Parasite neighbor on your Wi-Fi? Take a simple test

Have you ever wondered why your Internet connection from time to time to slow down or the connection is suddenly interrupted?

If in your home or office using a wireless connection using Wi-Fi router failures mentioned above can be caused by incorrect configuration of either the device itself or someone on your Internet connection parasites therefore uses it without your knowledge.

If you suspect that someone uses your Internet connection, there is a way how to not only detect, but even "cut" from your network once and for all. Plus, it requires only two steps!

Step 1: Log in to your router

To find out what devices are currently connected to your network, you need to log in to your router. This is done by entering the IP address of your router in the browser, just as if you were placing the web page address. Two largest producers in the world routers - Cisco and Linksys - to set aside address "". But if you're using a device from another manufacturer, the IP address of your router can be found in the attached either manually or at

After opening addresses you will be prompted for a username and password. That you received together with routers, but you may have changed it during installation. Often, however, simply enter basic setup - that is "admin" as the username and "password" as a password. In any case, however, these settings if you need to find your router.
After successfully logging in menu scroll to "DHCP Client List" or "Attached Devices" (attached devices). You'll see the MAC addresses of devices that are currently connected to your router. It does not refer only to computers but also mobile phones, tablets, TVs, printers and the like. A blacklist more devices than that you know is you certainly connected to someone else in addition.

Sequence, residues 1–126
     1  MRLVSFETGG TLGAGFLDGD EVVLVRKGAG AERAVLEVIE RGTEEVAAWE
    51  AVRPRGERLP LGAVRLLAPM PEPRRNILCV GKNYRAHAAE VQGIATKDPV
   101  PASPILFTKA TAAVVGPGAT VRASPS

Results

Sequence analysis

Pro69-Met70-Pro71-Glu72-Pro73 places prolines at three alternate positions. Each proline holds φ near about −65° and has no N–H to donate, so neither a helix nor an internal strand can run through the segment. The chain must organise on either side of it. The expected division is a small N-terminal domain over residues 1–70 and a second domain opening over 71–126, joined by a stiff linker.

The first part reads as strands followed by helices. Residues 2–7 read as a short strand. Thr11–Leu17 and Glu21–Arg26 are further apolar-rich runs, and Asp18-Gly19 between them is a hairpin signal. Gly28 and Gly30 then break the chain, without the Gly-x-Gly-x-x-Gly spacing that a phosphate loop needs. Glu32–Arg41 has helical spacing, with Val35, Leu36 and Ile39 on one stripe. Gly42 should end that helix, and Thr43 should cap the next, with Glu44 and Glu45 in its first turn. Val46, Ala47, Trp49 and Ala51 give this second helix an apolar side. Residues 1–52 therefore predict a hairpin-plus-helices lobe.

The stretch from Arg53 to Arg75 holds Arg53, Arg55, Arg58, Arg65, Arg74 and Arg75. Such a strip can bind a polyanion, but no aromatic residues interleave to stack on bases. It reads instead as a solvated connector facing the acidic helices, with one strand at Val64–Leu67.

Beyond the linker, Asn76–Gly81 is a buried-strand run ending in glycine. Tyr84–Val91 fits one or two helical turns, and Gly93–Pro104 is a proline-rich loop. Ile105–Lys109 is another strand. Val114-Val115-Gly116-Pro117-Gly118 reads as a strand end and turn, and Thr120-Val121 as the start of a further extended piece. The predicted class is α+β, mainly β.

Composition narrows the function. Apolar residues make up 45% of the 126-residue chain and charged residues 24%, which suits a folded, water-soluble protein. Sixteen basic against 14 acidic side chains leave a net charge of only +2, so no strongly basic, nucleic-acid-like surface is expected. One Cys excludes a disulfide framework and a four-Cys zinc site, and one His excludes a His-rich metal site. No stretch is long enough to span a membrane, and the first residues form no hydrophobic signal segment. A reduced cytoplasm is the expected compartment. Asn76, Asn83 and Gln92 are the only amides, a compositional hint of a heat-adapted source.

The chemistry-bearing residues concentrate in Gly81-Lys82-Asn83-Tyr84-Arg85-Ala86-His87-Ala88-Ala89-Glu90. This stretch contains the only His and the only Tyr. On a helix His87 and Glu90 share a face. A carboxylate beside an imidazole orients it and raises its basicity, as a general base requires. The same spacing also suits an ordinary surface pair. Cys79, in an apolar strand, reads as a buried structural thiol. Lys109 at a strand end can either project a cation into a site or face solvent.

This is even easier?

For Microsoft Windows users, we have good news. Fortunately, because there is a Wireless Network Watcher, which is much simpler, and that will run after you to scan your network and will tell you which devices are connected to it. Again, if the list of more devices than that you know you have unwanted company.

Step 2: Get rid of the uninvited guests

The first thing you can do to get rid of the "parasitic" devices, change the password for your Internet connection. This can be done right in the interface to manage Wi-Fi router to which you have logged in the first step. Since each manufacturer and even almost every router model is named differently these settings, it is not possible to give specific instructions on how to do it. At any rate, to be found in that part of the setup, which is a safety connection. Oftentimes, this option can be found in the "Wireless Settings" or "Advanced Settings".

The fact that you are right, you will know by the fact that you will see a menu of options to choose WPA2 or WPA.

Choose a safer choice WPA2 and enter a really good password - it is recommended to use a combination of uppercase and lowercase letters, add some numbers and perfect the "spice up" any special characters like parentheses, quotation marks, at sign, dashes, stars, etc. (more than enough two such characters). And of course, you must remember this password.

Then save your settings and restart your router.

This is a very quick and effective solution if you have to line their uninvited guests. It should, however, think about how to connect to your ever got. Either Or your network is password-protected (worst-case) or were protected, but not enough, as the third person was able to guess the password. It is therefore important to choose a password really sufficient quality and regularly varied.

Parasites on foreign Wi-Fi is a crime

However, if you had your connection password-protected and yet someone to join, you can also consider filing a criminal complaint. Our legislation such conduct outlaws and the criminal.

Specifically, this issue is devoted Act. 300/2005 Z.z. (Penal Code) in its § 247 also specifies criminal penalties, according to which the attacker can remain without the Internet and behind bars for six months to three years.